Trainer Mott holds no grudges, although . . .

October 15, 1994|By Ross Peddicord | Ross Peddicord,Sun Staff Writer

Bill Mott is giving Maryland a second chance.

Had Paradise Creek been awarded a $1 million bonus for sweeping the Early Times Turf Triple this spring, today's odds-on favorite to win the Washington D.C. International at Laurel Park easily would have been the richest thoroughbred in training at this point of 1994, having earned about $200,000 more than Holy Bull, current leader with $2,095,000 in winnings.

And Mott, his trainer, would be $1 million ahead of national leader D. Wayne Lukas in winning purses instead of trailing him in second place by about $70,000.

Paradise Creek did what he was supposed to do: He won all the Early Times races. But because of a technicality -- only five horses ran against him in the Dixie Handicap at Pimlico instead of the required six -- the bonus was forfeited. Mott said his 10 percent share of the bonus, or $100,000, "was enough to put one of my kids through school."

L But does Mott harbor any ill feeling toward Maryland racing?

"Life is too short to hold grudges," Mott said. The proof is that he's back here from his home base in New York, starting the first potential national grass champion in the International since Sunshine Forever won the race in 1988 and subsequently picked up an Eclipse Award.

"I've always thought those kind of bonuses were a farce, anyway, and that proved it," Mott said. "I just hope Maryland learned from that episode, and the same thing doesn't happen twice."

The horse looks practically invincible, but Laurel's vice president of racing, Lenny Hale, mustered eight horses this time from around the United States and two foreign countries to compete against him today.

If Paradise Creek wins the International and a purse of $360,000, Mott should jump back into the national trainers' lead, at least until the Breeders' Cup, since Lukas doesn't appear to be racing any of his heavy hitters this week.

That Mott has such a laid-back attitude toward losing such a substantial amount of money on a technicality doesn't surprise Bert Firestone, who "discovered" Mott at Churchill Downs in 1987, where the young trainer was making a name for himself. Firestone pirated him away to New York to train what at that point was a major national stable.

"He's a top-class person and the best trainer I've ever had," Firestone said yesterday.

And that's saying something since Firestone and his wife, Diana, have raced six champions and nearly 20 Grade I winners in this country and abroad under the tutelage of a variety of horsemen for the past two decades. Included in the list of Firestone runners is Genuine Risk, the 1980 Kentucky Derby-winning filly.

Had Firestone not sold the 5-year-old horse he bred and raced named Paradise Creek eight months ago, he could be standing in the Washington D.C. International winner's circle today at Laurel instead of astride a show jumper at the Harrisburg (Pa.) National Horse Show, where he is competing with his wife and 17-year-old daughter, Alison.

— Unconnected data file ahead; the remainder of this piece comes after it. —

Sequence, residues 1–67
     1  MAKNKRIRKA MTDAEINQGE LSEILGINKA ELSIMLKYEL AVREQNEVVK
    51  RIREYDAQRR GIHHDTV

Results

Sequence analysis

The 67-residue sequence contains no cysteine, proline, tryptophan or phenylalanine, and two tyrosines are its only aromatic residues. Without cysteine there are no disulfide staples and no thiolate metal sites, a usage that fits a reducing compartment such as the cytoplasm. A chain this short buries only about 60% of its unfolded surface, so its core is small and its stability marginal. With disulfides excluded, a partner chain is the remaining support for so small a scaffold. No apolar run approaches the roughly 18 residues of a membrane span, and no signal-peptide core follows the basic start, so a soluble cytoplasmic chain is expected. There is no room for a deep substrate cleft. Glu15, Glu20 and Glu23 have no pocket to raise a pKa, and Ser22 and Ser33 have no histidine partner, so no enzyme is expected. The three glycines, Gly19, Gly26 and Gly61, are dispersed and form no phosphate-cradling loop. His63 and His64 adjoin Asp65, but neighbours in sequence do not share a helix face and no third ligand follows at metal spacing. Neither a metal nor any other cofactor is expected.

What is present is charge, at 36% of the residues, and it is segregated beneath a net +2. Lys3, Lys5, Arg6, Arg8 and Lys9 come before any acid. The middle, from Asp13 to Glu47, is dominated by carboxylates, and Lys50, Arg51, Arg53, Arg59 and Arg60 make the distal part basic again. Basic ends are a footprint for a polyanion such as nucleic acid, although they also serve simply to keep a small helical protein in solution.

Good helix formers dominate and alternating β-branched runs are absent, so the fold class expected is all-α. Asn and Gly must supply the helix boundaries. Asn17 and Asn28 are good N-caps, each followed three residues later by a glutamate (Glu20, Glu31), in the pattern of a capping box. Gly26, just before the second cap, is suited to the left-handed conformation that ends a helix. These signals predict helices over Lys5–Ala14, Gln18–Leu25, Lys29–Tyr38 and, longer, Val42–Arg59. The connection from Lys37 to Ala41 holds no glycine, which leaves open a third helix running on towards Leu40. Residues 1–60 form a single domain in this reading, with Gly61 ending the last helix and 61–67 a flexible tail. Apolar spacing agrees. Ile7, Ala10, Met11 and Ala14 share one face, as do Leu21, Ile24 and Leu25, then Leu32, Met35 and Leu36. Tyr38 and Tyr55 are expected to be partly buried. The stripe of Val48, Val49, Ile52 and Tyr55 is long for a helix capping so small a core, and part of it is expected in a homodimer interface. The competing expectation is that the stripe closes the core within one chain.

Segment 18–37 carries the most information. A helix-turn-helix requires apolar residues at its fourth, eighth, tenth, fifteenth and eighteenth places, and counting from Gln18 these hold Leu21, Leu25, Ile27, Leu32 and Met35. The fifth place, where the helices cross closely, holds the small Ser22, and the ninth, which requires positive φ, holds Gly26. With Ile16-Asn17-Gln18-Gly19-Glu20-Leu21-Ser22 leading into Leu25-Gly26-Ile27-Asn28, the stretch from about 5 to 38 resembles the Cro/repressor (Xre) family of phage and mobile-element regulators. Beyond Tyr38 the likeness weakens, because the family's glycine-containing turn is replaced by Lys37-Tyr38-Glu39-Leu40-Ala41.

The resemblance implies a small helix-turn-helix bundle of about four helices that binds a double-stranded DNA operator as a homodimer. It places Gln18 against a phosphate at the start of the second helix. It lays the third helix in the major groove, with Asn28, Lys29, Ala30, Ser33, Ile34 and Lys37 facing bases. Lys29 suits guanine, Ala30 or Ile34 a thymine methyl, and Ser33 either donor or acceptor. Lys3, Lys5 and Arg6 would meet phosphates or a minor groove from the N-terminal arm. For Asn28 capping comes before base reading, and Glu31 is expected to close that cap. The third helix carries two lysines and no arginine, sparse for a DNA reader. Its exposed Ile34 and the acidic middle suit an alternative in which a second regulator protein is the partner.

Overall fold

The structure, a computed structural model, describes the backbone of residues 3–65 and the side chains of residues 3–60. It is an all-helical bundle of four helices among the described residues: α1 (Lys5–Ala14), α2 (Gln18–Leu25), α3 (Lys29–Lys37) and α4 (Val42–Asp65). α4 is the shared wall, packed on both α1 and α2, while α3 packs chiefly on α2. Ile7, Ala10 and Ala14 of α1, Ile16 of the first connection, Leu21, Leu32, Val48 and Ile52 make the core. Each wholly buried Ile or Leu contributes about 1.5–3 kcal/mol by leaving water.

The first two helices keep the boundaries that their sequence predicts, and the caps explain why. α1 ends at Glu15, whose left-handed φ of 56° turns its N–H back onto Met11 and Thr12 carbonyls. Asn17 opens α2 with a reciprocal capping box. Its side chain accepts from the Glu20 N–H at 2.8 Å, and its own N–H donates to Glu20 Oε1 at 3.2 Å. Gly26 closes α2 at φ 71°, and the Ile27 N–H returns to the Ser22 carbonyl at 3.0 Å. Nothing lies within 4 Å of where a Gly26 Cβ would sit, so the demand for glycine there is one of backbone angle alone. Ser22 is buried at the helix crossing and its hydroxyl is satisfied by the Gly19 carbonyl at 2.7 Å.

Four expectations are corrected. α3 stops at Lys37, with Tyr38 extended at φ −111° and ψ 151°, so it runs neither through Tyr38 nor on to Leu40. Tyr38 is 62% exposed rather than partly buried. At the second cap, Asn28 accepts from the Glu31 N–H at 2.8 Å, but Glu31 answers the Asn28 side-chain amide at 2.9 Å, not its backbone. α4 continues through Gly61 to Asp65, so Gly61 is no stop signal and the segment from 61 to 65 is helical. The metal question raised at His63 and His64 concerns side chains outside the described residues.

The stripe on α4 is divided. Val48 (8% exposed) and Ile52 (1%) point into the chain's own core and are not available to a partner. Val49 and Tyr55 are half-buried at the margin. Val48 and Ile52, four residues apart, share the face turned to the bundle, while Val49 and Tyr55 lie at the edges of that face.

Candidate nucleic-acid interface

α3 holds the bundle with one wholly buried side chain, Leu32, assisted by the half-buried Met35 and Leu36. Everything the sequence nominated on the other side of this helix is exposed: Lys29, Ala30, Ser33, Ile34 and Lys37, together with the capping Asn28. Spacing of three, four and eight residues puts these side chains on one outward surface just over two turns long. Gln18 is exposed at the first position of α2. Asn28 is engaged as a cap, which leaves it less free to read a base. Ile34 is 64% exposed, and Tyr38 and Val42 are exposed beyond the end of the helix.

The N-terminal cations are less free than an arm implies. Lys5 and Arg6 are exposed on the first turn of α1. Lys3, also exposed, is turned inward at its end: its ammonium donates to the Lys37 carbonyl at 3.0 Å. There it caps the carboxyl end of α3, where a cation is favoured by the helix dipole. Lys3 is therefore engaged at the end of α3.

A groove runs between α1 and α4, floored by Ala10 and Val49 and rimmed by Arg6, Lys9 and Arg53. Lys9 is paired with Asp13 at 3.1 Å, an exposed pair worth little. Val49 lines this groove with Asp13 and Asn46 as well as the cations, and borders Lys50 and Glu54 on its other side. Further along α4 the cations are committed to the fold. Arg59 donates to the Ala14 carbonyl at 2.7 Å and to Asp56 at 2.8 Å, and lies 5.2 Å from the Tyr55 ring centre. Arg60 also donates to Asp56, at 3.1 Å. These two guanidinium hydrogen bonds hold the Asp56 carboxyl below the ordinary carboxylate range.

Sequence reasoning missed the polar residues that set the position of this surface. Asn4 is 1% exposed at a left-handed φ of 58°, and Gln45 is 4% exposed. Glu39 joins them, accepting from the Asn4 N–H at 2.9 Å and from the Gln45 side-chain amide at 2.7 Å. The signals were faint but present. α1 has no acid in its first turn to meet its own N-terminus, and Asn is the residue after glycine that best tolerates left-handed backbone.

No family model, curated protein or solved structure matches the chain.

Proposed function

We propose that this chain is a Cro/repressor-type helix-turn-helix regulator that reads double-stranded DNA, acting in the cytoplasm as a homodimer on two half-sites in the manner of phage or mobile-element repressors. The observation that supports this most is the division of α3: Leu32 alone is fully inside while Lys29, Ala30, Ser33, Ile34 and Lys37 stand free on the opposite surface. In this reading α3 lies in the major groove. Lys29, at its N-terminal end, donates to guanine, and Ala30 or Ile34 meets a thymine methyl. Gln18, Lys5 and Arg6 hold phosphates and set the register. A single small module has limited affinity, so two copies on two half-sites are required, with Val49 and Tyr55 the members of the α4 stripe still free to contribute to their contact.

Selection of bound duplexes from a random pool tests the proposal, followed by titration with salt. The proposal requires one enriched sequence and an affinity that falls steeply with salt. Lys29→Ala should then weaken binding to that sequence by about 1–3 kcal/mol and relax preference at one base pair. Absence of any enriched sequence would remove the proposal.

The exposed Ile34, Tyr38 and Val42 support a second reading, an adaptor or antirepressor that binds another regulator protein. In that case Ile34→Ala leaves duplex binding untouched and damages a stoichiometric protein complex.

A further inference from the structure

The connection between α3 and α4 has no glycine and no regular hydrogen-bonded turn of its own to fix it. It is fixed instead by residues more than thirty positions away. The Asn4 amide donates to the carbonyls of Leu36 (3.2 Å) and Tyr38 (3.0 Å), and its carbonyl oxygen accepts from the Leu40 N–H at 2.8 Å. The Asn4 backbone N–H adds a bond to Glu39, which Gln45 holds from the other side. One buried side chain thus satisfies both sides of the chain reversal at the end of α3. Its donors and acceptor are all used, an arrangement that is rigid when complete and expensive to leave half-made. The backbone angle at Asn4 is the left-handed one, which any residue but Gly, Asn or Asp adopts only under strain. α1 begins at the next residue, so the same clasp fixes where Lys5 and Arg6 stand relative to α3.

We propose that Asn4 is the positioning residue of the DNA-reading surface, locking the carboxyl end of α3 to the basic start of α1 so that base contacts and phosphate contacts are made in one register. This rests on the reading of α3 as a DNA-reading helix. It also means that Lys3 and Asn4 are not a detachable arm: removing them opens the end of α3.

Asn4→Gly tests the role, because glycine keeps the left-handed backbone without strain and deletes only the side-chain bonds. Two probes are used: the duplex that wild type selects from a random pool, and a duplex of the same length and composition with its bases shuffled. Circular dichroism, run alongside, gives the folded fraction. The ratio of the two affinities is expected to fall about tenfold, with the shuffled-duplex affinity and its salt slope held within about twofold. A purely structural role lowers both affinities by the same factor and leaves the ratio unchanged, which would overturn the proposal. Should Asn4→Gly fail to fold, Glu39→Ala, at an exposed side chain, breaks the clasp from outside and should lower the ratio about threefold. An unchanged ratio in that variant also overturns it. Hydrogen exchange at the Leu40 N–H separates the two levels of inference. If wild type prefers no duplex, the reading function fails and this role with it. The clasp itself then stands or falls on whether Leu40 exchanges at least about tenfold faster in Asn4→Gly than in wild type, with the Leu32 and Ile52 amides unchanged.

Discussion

"But you can't keep them all, and we treat our horse operation like a business," Firestone said. "After Paradise Creek won a couple of stakes in Florida last winter, we simply received an offer we couldn't refuse and sold him."

The buyer, 72-year-old Tokyo real-estate magnate Masayuki Nishiyama, has never seen the horse personally, never attended one of his races or spoken with Mott.

"I guess we don't speak the same language," Mott quipped yesterday. But he is far from complaining. All communication is handled through a California bloodstock agent and Mott said there have been few, if any, disagreements concerning the horse's 1994 campaign.

The International will be Paradise Creek's ninth start in 10 months in major stakes company this year. He has won all of his races except a one-length loss to Lure in August at Saratoga and has earned $1.3 million.

If Paradise Creek wins at Laurel, it will be the second International winner bred by Firestone. In 1979, he raced and then sold one of his 2-year-olds, the Irish-bred Providential II. Two years later, the horse came to America and won the 1981 International, beating the Firestone-owned April Run.

Then, in 1982, Firestone finally got an International winner when April Run returned and won by 6 1/2 lengthsover Majesty's Prince.

During the late 1980s, when the commercial real estate market nose-dived, Firestone suffered financial losses and cut back on his horse holdings.

But he's still very much involved in the horse business and is optimistic about the future.

Next year, the first foal out of Genuine Risk, a colt sired by Rahy, will be going to the races.

"My wife, Diana, broke him herself at the farm this summer and he's at the Middleburg [Va.] Training Track with Barbara Graham," Firestone said.

And who will train him ?

"Bill Mott, of course," Firestone said.


Where: Laurel Race Course.

When: Today and tomorrow.

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